The Explanation
(for those who require one)

And, of course, that is what all of this is -- all of this: the one song, ever changing, ever reincarnated, that speaks somehow from and to and for that which is ineffable within us and without us, that is both prayer and deliverance, folly and wisdom, that inspires us to dance or smile or simply to go on, senselessly, incomprehensibly, beatifically, in the face of mortality and the truth that our lives are more ill-writ, ill-rhymed and fleeting than any song, except perhaps those songs -- that song, endlesly reincarnated -- born of that truth, be it the moon and June of that truth, or the wordless blue moan, or the rotgut or the elegant poetry of it. That nameless black-hulled ship of Ulysses, that long black train, that Terraplane, that mystery train, that Rocket '88', that Buick 6 -- same journey, same miracle, same end and endlessness."
-- Nick Tosches, Where Dead Voices Gather

Relevant Quote #60


"Too few critics of his own kind have written about Mark Twain. What he suffers from in the midst of this twentieth and American century is a lack of peers. He needs somebody like Walter Bagehot or even H.L. Mencken or James Gibbons Huneker. He was a man of the world. He was a man of the nineteenth-century American world where Presidents chewed tobacco and billionaires couldn't spell and vast audiences flocked to hear Bob Ingersoll (whom Twain in this book calls 'the silver-tongued infidel') and the labor movement was dominated by another silver-tongued cornball named Terence Powderly, who could do nothing but orate, and Thanatopsis was considered the most philosophical utterance in the English language, and a small gang of merciless and ignorant brigands put through America's Five-Year Plans, and finally 'overtook and surpassed' Europe. He was a man of that world that Henry James fled in uncomprehending horror. We have only to look abroad to understand exactly the kind of world it was. It was a world of driving expansion and brutal hard work that brooked no interference or dissent. A world of 'primitive accumulation'."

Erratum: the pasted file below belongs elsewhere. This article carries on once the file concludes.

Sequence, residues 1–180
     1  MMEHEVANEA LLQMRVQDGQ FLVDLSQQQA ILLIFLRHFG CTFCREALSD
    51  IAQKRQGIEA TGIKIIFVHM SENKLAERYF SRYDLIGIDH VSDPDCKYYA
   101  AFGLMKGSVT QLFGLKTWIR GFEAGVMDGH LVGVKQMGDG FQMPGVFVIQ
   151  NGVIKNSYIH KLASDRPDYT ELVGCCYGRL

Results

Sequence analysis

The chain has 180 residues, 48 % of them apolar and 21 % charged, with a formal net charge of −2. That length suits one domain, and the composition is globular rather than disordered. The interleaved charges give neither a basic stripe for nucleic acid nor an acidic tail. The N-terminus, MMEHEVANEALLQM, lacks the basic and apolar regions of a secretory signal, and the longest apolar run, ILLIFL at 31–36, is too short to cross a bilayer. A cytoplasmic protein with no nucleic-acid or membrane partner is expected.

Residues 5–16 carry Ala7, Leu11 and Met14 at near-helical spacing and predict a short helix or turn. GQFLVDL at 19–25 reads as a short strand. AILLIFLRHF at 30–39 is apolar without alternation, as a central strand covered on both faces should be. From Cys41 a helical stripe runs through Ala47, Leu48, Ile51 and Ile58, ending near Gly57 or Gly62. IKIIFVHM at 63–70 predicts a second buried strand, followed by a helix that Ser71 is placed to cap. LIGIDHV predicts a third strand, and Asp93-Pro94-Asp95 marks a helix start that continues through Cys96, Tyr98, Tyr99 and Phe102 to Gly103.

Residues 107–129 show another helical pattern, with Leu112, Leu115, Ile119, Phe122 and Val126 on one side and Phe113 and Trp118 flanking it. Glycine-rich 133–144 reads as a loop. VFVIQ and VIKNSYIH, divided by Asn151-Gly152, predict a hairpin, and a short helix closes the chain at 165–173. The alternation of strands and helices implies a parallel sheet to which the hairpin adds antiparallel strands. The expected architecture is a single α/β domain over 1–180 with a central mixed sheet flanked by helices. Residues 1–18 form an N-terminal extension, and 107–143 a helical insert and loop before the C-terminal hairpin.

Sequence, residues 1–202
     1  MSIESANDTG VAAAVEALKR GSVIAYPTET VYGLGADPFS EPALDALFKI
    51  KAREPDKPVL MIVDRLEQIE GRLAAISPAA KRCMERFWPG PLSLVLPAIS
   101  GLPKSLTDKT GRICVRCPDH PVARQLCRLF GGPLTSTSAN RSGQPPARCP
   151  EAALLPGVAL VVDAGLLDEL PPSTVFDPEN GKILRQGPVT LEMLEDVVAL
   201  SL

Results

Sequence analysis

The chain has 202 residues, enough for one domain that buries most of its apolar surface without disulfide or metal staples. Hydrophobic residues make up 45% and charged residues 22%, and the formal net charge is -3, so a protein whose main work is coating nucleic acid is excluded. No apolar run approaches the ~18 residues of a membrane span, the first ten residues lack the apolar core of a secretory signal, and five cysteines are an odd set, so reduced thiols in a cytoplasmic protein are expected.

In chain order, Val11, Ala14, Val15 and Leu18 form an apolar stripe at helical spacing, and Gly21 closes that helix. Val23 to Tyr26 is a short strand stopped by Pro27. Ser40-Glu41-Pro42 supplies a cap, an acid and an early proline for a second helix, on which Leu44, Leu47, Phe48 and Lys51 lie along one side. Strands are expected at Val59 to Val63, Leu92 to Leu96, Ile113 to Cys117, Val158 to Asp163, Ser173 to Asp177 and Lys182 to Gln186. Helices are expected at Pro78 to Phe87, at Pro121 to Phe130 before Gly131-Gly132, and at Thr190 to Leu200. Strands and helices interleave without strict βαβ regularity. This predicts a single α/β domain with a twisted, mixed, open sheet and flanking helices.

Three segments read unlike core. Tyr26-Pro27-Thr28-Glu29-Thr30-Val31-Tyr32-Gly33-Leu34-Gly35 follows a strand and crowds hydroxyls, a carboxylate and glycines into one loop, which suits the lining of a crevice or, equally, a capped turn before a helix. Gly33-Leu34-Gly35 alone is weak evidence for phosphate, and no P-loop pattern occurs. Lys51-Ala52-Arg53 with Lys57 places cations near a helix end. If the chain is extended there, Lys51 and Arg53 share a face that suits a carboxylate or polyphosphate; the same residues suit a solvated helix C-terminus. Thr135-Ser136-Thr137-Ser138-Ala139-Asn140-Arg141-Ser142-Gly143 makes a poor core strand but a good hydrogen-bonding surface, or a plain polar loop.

-- Kenneth Rexroth

2 comments :

Rob said...

Along with Bierce, this man changed my opinion of Historical America as taught in school - they wrote wonderfully and with a jaundiced eye toward conventions, something all my favorite writers seem to have in common, but they did it early, and often. Thank God.

BCNU

Tom Sutpen said...

Hear hear. There are far too few writers today with either a gift for invective or a healthy cynicism. Somehow the definition of serious writing got terribly narrow, with purely personal expression being prized far above (and segregated from, I might add) the broadly social. Without seeming grandiose, it's what I try to do in my film writing and, believe you me, it is not appreciated by my confreres, such as they are.